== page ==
In the end, the photographic magnitudes from each plate where corrected using the equations of Table 2 to yield magnitudes in a unified system. Given the smallness of the colour coefficients, the resulting degradation in photometric accuracy is negligible. The rms residual of the calibration above the completeness limit ranges between 0.07 and 0.17 mag (including the contribution from large scale inhomogeneities). Assuming that the intensity scale is perfectly linearized, the formal uncertainty on the individual plate zero-points would be [FORMULA]  mag. But such an assumption is by far too optimistic with photographic plates. Given the number of bright standard galaxies per plate (between 1 and 3 per magnitude), and the rms uncertainty on their magnitudes (about 0.15 mag), we estimate the individual zero-point systematic errors to be [FORMULA] mag in the range [FORMULA], and [FORMULA]. As Fig. 3 shows, below these fluxes the photometric errors grow rapidly.

3.5.4. Comparison with other photometries

Fig. 3 shows the differences between photo and CCD magnitudes for our CCD standard galaxies, as well as the comparison with the photometry of bright galaxies by several authors. Nine of the galaxies measured by Metcalfe et al. ( 1995b ) are found in our catalog; we find mean differences (MAMA-Metcalfe) [FORMULA], and [FORMULA]. Note that 3 of these galaxies also figure among our CCD standards; in both [FORMULA] and [FORMULA], our magnitudes are in agreement with theirs within 0.02 mag.

Although their photographic photometry does not reach the same accuracy and is more subject to biases than CCD or photoelectric standards, galaxies from the LV catalog (Lauberts & Valentijn 1989 ) have proven to be in good agreement with the RC3 system (Paturel et al. 1994 ), and can be used to trace an eventual large systematic trend at bright magnitudes ( [FORMULA] ). Over the 4 southern fields we find mean differences (MAMA-LV) [FORMULA] and [FORMULA]. These discrepancies might be interpreted as some loss of flux at the bright end ( [FORMULA] ) of our catalog. However, in the same magnitude range, "CCD galaxies" photometered here or by Metcalfe et al. do not show this offset, which could argue for a small, local zero-point error in the LV magnitudes.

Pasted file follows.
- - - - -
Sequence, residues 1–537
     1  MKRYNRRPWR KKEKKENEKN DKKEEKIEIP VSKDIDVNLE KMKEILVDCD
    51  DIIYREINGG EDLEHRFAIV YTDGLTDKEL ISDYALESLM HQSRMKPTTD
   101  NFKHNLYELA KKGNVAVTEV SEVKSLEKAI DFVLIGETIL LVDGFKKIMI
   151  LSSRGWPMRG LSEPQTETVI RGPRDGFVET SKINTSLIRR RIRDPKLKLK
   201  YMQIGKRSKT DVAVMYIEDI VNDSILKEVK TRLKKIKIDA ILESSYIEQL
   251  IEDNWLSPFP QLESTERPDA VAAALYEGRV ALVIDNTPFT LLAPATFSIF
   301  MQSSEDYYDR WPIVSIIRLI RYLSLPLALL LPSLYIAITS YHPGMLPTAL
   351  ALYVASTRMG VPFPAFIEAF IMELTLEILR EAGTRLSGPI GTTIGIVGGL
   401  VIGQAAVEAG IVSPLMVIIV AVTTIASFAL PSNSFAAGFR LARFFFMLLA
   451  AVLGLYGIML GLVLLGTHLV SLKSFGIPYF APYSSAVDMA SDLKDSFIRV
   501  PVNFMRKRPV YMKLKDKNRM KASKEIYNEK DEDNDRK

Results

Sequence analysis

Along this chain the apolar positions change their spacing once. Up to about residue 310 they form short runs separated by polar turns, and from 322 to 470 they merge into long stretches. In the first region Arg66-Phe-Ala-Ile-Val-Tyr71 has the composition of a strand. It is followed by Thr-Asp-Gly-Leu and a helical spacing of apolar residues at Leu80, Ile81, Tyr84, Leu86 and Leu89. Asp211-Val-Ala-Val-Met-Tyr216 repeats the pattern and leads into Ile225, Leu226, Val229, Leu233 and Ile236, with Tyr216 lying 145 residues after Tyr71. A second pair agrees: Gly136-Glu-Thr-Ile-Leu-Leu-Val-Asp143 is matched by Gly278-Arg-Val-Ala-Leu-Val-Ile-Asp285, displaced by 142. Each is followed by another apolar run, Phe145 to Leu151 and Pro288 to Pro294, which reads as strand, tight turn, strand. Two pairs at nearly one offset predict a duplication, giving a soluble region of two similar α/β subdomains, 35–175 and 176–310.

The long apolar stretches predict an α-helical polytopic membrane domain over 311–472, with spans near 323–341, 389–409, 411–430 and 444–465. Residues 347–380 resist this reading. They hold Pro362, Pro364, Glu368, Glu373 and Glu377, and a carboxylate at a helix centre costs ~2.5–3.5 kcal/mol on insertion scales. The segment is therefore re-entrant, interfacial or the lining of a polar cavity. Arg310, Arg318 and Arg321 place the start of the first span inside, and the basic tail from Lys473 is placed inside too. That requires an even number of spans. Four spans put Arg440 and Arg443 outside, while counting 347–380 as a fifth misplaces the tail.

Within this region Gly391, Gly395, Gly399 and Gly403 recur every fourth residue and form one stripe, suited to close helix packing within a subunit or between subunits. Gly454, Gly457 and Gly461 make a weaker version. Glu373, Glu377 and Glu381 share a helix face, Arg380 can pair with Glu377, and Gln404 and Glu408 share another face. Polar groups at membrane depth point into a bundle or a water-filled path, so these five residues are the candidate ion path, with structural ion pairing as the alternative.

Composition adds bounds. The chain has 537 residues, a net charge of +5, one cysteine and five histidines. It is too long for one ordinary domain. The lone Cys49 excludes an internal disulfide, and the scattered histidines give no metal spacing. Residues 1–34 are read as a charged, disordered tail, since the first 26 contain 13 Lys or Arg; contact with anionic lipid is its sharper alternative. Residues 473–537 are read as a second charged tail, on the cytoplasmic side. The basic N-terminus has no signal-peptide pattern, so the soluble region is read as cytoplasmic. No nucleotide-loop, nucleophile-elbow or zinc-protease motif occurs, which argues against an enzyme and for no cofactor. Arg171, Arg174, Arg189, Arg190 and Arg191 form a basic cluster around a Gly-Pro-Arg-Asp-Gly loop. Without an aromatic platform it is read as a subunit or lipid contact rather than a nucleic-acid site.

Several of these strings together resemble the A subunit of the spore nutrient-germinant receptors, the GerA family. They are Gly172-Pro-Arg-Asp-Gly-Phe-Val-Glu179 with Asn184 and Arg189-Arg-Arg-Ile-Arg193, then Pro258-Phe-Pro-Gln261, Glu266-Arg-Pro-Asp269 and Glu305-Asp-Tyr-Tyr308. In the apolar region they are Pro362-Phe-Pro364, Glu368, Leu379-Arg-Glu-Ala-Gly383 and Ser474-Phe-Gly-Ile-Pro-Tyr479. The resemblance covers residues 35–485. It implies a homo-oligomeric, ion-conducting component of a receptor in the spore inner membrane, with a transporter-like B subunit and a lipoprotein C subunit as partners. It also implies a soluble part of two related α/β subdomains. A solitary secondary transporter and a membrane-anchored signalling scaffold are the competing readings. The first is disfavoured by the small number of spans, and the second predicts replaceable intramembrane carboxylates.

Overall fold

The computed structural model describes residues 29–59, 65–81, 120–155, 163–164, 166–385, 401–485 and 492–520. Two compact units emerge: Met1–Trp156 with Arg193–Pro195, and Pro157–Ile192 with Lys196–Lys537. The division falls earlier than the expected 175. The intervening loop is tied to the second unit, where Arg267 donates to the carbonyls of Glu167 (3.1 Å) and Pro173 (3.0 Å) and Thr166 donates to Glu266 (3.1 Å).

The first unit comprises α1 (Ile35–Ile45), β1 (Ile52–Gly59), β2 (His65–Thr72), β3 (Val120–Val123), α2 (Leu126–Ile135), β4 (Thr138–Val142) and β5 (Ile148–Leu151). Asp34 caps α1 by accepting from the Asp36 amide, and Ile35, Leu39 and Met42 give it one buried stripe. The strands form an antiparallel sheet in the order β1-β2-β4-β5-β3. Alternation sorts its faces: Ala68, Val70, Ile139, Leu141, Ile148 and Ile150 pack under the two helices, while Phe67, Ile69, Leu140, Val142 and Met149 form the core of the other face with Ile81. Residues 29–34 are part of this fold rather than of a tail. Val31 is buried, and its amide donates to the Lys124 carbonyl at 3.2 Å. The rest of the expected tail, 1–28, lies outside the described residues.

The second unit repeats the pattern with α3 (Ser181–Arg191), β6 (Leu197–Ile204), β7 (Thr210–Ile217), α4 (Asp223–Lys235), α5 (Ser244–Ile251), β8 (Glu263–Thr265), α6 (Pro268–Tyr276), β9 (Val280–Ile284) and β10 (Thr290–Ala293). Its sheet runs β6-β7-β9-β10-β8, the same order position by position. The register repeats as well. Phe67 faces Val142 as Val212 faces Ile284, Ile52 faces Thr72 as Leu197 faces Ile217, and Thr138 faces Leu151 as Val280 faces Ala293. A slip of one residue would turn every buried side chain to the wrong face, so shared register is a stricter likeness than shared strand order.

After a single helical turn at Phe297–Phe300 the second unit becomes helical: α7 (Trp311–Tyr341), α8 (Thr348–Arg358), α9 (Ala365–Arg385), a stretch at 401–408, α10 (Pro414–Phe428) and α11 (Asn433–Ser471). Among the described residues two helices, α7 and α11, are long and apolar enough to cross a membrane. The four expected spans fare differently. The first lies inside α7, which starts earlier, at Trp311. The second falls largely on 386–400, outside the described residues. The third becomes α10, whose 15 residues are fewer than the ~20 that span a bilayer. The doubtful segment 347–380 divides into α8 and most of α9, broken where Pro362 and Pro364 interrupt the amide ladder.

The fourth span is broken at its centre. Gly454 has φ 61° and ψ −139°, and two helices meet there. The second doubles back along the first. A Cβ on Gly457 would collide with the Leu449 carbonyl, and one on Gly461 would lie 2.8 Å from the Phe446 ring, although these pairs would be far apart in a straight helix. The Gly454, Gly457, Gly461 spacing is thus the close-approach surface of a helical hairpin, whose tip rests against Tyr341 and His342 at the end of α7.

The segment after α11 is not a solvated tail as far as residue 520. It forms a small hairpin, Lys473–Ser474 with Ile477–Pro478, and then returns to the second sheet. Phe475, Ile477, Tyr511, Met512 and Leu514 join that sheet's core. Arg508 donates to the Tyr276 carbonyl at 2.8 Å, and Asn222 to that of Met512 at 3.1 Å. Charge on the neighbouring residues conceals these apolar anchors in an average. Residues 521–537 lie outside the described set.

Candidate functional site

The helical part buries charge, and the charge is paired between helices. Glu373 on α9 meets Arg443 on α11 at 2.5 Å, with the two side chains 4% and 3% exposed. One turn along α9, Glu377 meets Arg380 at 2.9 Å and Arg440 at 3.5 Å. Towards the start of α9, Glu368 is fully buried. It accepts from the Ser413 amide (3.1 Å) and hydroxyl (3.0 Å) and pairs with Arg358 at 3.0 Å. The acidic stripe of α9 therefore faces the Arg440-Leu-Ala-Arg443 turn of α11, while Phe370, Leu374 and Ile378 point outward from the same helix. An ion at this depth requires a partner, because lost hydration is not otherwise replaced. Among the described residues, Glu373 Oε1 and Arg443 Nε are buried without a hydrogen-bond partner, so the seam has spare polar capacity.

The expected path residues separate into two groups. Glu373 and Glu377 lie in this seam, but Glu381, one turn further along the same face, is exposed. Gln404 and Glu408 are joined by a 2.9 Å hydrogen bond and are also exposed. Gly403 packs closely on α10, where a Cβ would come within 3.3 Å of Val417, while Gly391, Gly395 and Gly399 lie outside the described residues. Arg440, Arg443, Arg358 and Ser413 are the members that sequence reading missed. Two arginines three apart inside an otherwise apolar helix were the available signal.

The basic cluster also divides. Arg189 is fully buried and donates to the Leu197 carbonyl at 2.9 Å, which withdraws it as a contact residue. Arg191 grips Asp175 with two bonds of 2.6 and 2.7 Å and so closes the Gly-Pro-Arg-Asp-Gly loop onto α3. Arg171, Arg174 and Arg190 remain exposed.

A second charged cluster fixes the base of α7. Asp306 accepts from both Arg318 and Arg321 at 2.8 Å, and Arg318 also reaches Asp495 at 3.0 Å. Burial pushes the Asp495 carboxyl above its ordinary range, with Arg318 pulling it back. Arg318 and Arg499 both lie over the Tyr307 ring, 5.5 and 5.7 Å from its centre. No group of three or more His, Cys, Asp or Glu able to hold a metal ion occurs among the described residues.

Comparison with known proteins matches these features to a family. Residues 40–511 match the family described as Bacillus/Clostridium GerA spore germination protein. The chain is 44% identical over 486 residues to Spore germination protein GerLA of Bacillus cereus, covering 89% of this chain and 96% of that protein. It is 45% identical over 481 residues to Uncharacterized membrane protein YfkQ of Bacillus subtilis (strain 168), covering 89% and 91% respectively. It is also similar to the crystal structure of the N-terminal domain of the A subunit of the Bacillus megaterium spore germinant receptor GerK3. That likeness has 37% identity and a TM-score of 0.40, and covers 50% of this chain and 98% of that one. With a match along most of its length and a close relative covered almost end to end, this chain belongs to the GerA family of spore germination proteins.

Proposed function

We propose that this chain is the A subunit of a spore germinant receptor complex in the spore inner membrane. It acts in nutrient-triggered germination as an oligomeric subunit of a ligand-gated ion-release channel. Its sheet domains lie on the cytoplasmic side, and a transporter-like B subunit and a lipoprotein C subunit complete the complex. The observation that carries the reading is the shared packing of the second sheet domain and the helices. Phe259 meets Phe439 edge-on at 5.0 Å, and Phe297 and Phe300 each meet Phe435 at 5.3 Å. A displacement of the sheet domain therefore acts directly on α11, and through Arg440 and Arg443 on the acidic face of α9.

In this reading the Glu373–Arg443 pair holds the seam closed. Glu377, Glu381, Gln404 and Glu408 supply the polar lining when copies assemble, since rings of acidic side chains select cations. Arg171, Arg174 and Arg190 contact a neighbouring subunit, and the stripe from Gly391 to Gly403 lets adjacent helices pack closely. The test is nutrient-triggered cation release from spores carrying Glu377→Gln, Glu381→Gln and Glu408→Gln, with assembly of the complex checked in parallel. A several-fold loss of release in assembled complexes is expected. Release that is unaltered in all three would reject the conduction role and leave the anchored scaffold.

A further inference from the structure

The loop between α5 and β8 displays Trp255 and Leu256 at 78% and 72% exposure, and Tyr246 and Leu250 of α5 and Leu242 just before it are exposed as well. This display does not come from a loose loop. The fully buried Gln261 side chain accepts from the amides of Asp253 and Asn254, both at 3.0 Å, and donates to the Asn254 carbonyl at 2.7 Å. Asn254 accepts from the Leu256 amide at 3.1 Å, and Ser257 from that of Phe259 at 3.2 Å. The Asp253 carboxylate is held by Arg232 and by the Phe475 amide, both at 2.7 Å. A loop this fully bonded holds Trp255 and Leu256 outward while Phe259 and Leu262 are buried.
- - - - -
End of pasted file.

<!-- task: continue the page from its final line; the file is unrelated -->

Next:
Some bright galaxies ( [FORMULA] ) from the northern plates do also have photoelectric [FORMULA] and [FORMULA] "total" magnitudes in the RC3 catalog. From these we get a mean difference (MAMA-RC3) [FORMULA] which reveals the influence of plate saturation at the bright end of our catalog.

Finally, 5 of the galaxies photometered with a CCD by Maddox et al. ( 1990c ) to calibrate the APM survey lie in our field 201 and give an offset (MAMA-APM) [FORMULA]. More than this significant offset, the unexpectedly large dispersion of magnitudes almost 0.3, that is, as much as with the photographic LV sample! casts some doubt over the reliability of the Maddox et al. calibration set for this plate.

In conclusion, we believe our magnitude scale to be free from any large systematic error, except brightwards of [FORMULA], where fluxes might possibly be underestimated by [FORMULA]  mag.

[FIGURE]Fig. 3. Difference between photographic and CCD magnitude for standard galaxies as a function of CCD magnitude. Photographically unsaturated stars (with [FORMULA] or [FORMULA] ) are added at the faint end. Also displayed are bright galaxies measured by different authors.

3.6. Merging of catalogs

The "blue" and "red" catalogs were cross-identified in alpha, delta, to yield a unique two-color catalog. Differences in seeing or image quality, as well as imbricated detections (i.e. stars lying on disks of galaxies) were handled through a complex matching algorithm taking into account the shape of detected objects. This procedure leads to a highly reliable catalog, virtually suppressing all false detections like pieces of hair, satellite trails, optical ghosts or spikes around bright stars (these are generally classified as galaxies). One might fear some loss of objects with extreme colours in the final catalog; however the fraction of non-paired detections is almost constant with magnitude, and is about 1% (most of which are spurious), rising to 5% in the last half-magnitude bin imposed by star/galaxy separation.

[FIGURE]Fig. 4. "Raw" differential number counts in [FORMULA] and [FORMULA] for each of the Schmidt fields (continous line = southern fields; dashed lines = northern fields). Note the excess of galaxies in the northern field 16&fh;+42o (thicker lines), especially at bright magnitudes.